Last updated November 15, 2022

NumPy is a Python library for applying functions to multi-dimensional arrays.

The package includes operators for mathematical, statistical, logical, shape manipulation,and for sorting, selecting, and random simulation.

NumPy processes arrays fast thanks to the vectorization, which is running a single action across large arrays for data. In ‘single instruction, multiple data’ (SIMD) processing, a single command is executed simultaneously, in parallel. This is much faster than writing a loop, which could only execute against a single row of data.

Assuming you have Python already installed on your computer, download the numpy package from the command line, if you haven’t already (example is on a Windows machine):

c:\python -m pip install numpy

To use Numpy, first import the library into your program:

Import numpy as np

**LOADING DATA**

A standard Python list looks like this:

a_list = ["a", "b", "c", "d"]

You must make any list into a numpy array with np.array():

an_array = np.array(a_list)

In the line above,‘an_array’ is now a variable.

You can also create the list inline:

an_array = np.array(["a", "b", "c", "d"])

Multi-dimensional arrays, or nested arrays, can be captured as well, with each array separated by a comma, and a set of outer brackets to capture the array as a whole.

>>>ratings = np.array([[7, 10, 8], [6, 6, 7], [5, 3, 1]])

…or export it from a Comma Separated values (.csv) file, by way of np.genfromtxt:

Vehicles = np.genfromtxt('vehicles.csv', delimiter=',')

**OPERATIONS**

Once your data is loaded into numpy, you can enjoy a great variety of operations. Examples below use the IDLE IDE for Python, from the Python Foundation. The basic information here has been lifted from CodeAcademy's Numpy series of lessons, as well as from Numpy's own introduction.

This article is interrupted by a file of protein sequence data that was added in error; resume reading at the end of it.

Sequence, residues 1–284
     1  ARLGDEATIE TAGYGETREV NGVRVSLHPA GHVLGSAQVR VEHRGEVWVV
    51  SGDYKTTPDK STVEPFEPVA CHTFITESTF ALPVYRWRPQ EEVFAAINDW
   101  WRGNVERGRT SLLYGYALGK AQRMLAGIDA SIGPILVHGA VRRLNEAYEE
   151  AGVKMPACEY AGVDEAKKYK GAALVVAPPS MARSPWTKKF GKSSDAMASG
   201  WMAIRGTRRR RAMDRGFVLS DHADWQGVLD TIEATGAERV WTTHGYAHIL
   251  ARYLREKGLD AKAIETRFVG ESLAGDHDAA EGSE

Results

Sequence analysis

Individual elements from an array can be queried, and operated on.

The first element of an_array (above) could be called like this

To select a range of elements in an array,
define the start and end points as per the
Python syntax
of *my_array[start:end]*:

To select a range of elements in a two-dimensional array,
use the syntax of (my_array[*x*,*x*]) where the first
*x* specifies the
row of the array, and the second *x* is the column
(the *:* delineator means "choose none").

A subset of an array can be defined as a variable, which can be operated on mathematically.

In Numpy, each dimension of an array is called an Axis. The column is the '0' axis, and row is the '1' axis. To execute an operation on individual rows or columns on a two-dimensional array, use 0 for column, 1 for row.

**STATISTICAL REASONING**

Numpy provides many built-in functions to operate on arrays directly.

With this one-dimensional array....

collection = np.array([7, 10, 8, 6, 6, 7, 5, 3, 1])

...We can determine the mean, the median, and the standard deviation. It can sort. If you provide a percentile, it will show the corresponding value:

**A bit more on percentiles**: A percentile
is a
"comparison score between a particular score and the scores of the rest of a group.
It shows the percentage of scores that a particular score surpassed." A score in the
"90th percentile" means that scoredid better than 90% of all the other scores in that group.

An "interquartile range" (IQR) is the middle 50% of all the values in an array. It is taken by calculating the 25th and the 75th percentile (the "first" and "third" quartile respectively), then subtracting the first from the third: